Country Women : You are more likely to have advice to offer than most of the others who post here... so, I am asking you to give some advice.
My daughter, her husband, and their two teen aged kids will be traveling across country this summer, beginning here in Tampa, and going all the way to San Francisco, then back east to New York until finally arriving back in Tampa in the course of a little over 6 weeks. They will be traveling in a Honda Van, pulling a pop up camper, which they have been using for years, camping between here and Northern Georgia, but never going as fas as this trip. Of course, they will be staying at as many National or State Parks as they can along the way, but they asked me to ask you if you have any advice for them.... About anything and everything that would make their trip more enjoyable, less costly, and safe.
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Oh, I forgot to mention that they plan to prepare all their own meals, except for some lunches. If they are going to be going thru long distances of nothing, they will prepare lunches that morning, but will likely stop at fast food places when they will be going through cities...
So, what suggestions do you have for me to pass along to them?
Beema, sounds like a WONDERFUL trip. This may be more generic advice than you're looking for -- but I'd suggest they make sure that they reserve campsites well in advance, especially for weekend nights.
In some parks, all weekend night reservations sell out the first day of the new year, and it's tough to know which when you don't live in a state and you're covering as many states as they're going through. Plus, you sometimes get surprised by regional music or heritage fests that draw even more campers.
Lori, that's great advice. I know that in Door County Wisconsin, state parks fill up on the first of January so it's best to book popular spots early. That reminds me of a road trip I did with my husband and daughter in Germany. It was a great adventure in that each day we drove to a town we liked and after a day of sightseeing, looked for lodging. The down side was that by the time we looked for lodging each night we were starving and like clockwork, cranky too. We were all happier when we did a little advance planning and kept a normal eating schedule.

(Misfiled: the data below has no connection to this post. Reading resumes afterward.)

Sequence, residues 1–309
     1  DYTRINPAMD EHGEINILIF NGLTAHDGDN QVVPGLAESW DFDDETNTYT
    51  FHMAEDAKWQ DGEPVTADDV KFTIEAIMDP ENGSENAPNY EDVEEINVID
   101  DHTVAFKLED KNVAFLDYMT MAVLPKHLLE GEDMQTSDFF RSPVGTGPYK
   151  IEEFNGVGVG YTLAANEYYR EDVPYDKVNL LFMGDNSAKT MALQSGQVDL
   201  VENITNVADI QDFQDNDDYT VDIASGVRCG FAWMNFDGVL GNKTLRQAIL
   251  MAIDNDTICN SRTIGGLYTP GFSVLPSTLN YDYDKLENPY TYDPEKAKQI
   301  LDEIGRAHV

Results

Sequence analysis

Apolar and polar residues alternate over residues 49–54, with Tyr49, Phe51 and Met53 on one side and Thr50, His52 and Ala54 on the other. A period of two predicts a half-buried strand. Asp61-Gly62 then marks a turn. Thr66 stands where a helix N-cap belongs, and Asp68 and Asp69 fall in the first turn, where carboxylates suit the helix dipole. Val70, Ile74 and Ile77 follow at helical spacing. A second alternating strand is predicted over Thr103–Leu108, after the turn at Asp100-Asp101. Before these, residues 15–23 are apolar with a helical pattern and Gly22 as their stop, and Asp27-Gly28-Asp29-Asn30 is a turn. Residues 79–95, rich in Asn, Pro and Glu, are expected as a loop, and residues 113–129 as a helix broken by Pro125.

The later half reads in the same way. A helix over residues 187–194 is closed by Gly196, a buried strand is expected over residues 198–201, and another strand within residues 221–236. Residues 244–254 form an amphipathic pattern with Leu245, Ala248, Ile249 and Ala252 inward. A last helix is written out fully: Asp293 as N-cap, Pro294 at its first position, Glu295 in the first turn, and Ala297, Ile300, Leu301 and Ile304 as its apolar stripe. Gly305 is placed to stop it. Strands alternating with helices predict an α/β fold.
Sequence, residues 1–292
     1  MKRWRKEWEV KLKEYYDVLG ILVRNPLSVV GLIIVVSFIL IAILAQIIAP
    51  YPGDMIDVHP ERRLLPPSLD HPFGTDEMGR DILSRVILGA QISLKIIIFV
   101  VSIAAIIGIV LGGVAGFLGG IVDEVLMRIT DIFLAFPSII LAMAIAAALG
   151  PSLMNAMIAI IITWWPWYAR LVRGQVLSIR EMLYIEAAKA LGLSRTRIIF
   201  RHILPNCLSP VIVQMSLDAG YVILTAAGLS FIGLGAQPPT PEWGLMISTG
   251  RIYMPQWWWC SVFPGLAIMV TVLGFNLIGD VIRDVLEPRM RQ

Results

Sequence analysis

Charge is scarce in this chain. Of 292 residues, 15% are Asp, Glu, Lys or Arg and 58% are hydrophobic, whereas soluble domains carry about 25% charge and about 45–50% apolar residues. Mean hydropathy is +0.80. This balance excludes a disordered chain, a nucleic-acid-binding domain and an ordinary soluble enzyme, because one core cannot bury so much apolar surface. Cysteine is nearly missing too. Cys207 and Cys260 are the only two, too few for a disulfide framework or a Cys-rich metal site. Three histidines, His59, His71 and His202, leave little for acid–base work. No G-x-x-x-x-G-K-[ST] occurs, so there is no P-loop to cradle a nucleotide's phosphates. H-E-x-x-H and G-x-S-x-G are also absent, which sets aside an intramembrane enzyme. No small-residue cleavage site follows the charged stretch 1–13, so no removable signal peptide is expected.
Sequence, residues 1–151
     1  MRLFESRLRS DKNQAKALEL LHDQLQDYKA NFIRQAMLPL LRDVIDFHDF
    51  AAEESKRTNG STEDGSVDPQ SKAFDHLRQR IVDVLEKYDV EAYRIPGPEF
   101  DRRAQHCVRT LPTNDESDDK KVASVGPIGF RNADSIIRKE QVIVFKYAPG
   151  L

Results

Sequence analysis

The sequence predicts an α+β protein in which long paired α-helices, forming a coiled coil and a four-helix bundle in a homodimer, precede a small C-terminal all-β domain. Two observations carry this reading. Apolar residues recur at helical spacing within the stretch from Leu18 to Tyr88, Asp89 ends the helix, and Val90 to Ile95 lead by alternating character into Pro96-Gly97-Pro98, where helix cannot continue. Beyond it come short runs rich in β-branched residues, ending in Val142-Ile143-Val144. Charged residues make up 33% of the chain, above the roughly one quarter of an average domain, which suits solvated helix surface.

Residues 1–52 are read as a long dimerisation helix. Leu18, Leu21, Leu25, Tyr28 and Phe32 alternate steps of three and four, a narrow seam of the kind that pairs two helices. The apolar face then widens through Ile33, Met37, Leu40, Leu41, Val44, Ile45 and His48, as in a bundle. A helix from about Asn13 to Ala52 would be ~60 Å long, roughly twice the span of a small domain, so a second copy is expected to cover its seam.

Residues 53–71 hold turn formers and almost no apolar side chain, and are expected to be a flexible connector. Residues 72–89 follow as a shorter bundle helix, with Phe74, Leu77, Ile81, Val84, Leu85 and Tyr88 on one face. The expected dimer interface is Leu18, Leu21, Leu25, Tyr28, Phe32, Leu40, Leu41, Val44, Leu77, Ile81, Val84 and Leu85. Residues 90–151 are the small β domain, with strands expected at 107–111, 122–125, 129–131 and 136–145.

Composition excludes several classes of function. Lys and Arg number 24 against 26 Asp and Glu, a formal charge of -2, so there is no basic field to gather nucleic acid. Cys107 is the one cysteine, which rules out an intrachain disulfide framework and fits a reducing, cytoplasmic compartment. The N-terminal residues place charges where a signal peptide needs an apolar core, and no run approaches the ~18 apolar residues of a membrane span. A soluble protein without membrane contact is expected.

As for food, I find that sandwiches are easily squashed in a cooler. Instead of sandwich bread, I usually make them on Italian or hard rolls. Alternately, I make wraps which also seem to hold up well. Lots of time in the car can be pretty boring and people tend to eat out of boredom. As long as you have a captive audience, offer healthy foods to munch on and few sweet and salty sancks. Fruit, yogurt, granola, raw veggies and hummus are good options to start with.
Oh Beema you have to tell them on their drive down from New York to stop near my home town in Hershey Pennsylvania! As soon as you get to the town you can smell chocolate and there is a big amusement park and a camp ground and even a spa with chocolate treatments if they just want to relax while the kids ride the roller coasters. It is such a wonderful family place I have so many "sweet", pun intended, memories of this wonderful chocolate town. talk about a kid in a candy store! :) Plus its right near route 81 which is what I took to come down to Tampa myself from PA when i got my orders to MacDill. Which I might also recommed because if they take 95 down, well they don't call it the "sure kill" instead of Schuylkill express way for nothing. It misses Washington DC but its worth not hitting all the traffic. Up to them though our Nations Capital is a sight to behold as well.
Either way I pray they have fun and stay safe on such a long journey....not to mention sane ;)
You say that they will be visiting state & national parks. Look for road side fruit and vegetable stands. It is a way to try some different foods. Some times you can get the food cheaper than in a store. Also remember adequate medicine. You will be going through many different climates, so allergy meds. Eye glass perscription. (In case glasses get broken) This trip will be in the summer, but we are having screwy weather, so take at least one warmer set of clothes. I remember one year in Iowa on 4th of July. It got down to 45. We all about froze. Remember lots of film or what ever you are using to record your trip.